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Cognitive Change clinical trials at University of California Health

3 in progress, 1 open to eligible people

Showing trials for
  • Understanding Individual Differences in Working Memory Training and Transfer in Older Adults

    open to eligible people ages 50-85

    The present study investigates how individual differences in cognitive processing contribute to the efficacy of working memory training programs in an older adult population. In a randomized crossover design, different types of working memory training interventions will be evaluated within the same participants. Adding game-like elements to working memory training programs can increase motivation and engagement, which can increase learning. However this process, termed gamification, adds sensory complexity that can lead to increased mental load and/or distraction in older adults. Investigators hypothesize that gamification of training tasks will be beneficial to some and counterproductive to other participants. The investigators will test two models; the first assumes that participants with difficulty inhibiting distracting information will show better learning and transfer when assigned to non-gamified training, whereas those with more distractor tolerance will show better learning and transfer when assigned to gamified training. The second model states that the outcomes of the intervention will be better predicted by performance on measures of general cognitive ability. In a separate study, the investigators will compare working memory training that contains rich, multisensory information with a training program that contains only visual information. Here they will also test two models; the first assumes that participants with difficulty binding two stimulus streams will show better learning and transfer when assigned to visual-only working memory training, whereas participants who do not have this difficulty will show better learning and transfer when assigned to multisensory working memory training. The second model states that the outcomes of the intervention will be better predicted by performance on measures of general cognitive ability.

    at UC Irvine

  • Enhancing Cognitive Control Abilities Using Mobile Technology in a Senior Living Community

    Sorry, in progress, not accepting new patients

    The goal of this study is to test the feasibility of launching a personalized digital health assessment and remediation program for the older adults in senior living communities based upon an initial characterization of these abilities. Evidence of feasibility here using these unique methodological approaches would provide empirical evidence supporting the basis for a larger-scale implementation of such digital health technologies into less controlled senior settings.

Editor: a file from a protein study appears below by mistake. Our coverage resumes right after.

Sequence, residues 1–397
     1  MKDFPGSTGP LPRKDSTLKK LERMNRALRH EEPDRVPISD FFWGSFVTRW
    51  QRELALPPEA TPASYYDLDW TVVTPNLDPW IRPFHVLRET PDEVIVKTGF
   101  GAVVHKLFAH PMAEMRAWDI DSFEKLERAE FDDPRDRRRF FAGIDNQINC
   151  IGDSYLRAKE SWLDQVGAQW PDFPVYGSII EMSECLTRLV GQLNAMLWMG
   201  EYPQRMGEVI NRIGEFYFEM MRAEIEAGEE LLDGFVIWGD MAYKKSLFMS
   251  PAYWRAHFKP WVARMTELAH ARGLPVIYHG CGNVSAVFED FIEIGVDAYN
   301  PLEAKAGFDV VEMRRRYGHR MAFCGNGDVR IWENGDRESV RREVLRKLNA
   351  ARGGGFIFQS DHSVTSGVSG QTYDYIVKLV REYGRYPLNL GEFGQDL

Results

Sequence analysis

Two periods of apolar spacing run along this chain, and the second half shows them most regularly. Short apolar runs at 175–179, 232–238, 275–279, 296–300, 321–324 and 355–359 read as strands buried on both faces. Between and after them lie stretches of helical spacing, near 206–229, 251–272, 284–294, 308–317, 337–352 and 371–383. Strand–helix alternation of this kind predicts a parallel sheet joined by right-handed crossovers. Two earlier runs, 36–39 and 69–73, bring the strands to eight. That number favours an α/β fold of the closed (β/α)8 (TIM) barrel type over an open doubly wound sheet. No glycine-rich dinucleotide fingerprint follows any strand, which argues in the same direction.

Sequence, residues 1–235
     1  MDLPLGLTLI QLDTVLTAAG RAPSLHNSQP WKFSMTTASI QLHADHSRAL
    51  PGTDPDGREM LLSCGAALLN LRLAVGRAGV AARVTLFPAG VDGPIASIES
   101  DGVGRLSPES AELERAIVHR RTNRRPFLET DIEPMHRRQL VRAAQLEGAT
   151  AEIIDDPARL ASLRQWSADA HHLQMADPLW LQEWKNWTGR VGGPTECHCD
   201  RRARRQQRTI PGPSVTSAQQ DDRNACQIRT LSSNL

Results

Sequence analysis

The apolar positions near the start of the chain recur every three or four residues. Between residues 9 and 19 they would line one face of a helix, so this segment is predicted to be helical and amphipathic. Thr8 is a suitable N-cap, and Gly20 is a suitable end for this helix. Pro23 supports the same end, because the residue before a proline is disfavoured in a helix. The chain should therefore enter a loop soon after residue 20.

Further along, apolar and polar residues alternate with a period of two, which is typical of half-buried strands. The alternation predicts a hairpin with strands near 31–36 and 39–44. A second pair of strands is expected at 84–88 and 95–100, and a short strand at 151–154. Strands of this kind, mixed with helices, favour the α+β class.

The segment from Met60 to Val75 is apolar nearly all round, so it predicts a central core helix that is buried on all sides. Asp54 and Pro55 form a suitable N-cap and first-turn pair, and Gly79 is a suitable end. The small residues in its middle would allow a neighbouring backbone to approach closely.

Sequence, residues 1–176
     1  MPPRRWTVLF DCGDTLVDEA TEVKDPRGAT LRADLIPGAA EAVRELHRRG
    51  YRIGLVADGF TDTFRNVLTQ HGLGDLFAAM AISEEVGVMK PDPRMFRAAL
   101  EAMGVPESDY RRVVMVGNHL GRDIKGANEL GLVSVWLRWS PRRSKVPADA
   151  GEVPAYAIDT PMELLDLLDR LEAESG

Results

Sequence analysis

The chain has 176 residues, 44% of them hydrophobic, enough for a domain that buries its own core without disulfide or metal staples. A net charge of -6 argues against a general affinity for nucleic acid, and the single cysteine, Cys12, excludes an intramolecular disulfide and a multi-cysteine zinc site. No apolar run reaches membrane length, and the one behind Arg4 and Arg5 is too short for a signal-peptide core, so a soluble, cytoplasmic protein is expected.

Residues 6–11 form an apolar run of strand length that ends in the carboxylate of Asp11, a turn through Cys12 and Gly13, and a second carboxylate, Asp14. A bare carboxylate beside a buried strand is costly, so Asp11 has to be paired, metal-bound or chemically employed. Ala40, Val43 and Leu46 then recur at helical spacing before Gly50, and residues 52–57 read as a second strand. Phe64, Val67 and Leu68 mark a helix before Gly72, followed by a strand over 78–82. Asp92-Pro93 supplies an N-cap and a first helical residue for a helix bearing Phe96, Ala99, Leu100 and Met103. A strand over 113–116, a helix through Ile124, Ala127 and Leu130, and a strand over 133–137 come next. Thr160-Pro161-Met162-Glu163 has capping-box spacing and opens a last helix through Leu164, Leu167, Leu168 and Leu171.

at UCSF

  • Examining the Effectiveness of Cognitive Training

    Sorry, accepting new patients by invitation only

    The present study addresses whether placebo effects can possibly account for previous findings in the field, as well as ascertains whether placebo-based mechanisms can be deliberately harnessed for impact. The design is a 2 (positive expectations/negative expectations) x 2 (true cognitive training intervention x control cognitive training intervention) Randomized Controlled Trial (RCT). Participants will be recruited from site-affiliated participant pools or email lists. Participants will first undergo a pre-test battery where various cognitive abilities are assessed via computerized programs. They will also fill out various surveys about personality traits/internal dispositions that may predict the extent to which they are susceptible to placebo effects. After pre-testing, participants will be randomized to an expectations group (positive/negative) and a training protocol (active/control). Participants are then given their group appropriate expectation script. In the positive expectations group, participants receive training described as having previous research supporting its use as a method to enhance cognitive abilities. In the negative expectations group, participants receive training described as having previous research suggesting that it is unlikely to change cognitive abilities or may even decrease cognitive abilities. The participants will then be given instructions regarding how to do their training task. Participants will be asked to complete 10 sessions of training within 15 days. The active training will be a standard working memory (N-back) training task. The control training will be a trivia/quiz training task. After they have completed 10 sessions, participants will complete a "mid-test" session to undergo a battery of perceptual/cognitive tasks. Participants will be told that the perceptual/cognitive tests are identical to those that they took at pre-test. However, in reality, for participants in the "positive expectations" groups, these will be altered to actually be easier than they were at pre-test. For participants in the "negative expectations" groups the tasks will be made more difficult. Participants will then be asked to complete another set of 10 training sessions on their devices within 15 days before completing the post-test. The post-test will be identical to the pre-test. All participants will then be extensively debriefed (e.g., all deceptions will be made clear). On a separate day, participants will then complete a second post-test that is identical to the pre-test and first-post test.

    at UC Irvine

Our lead scientists for Cognitive Change research studies include .

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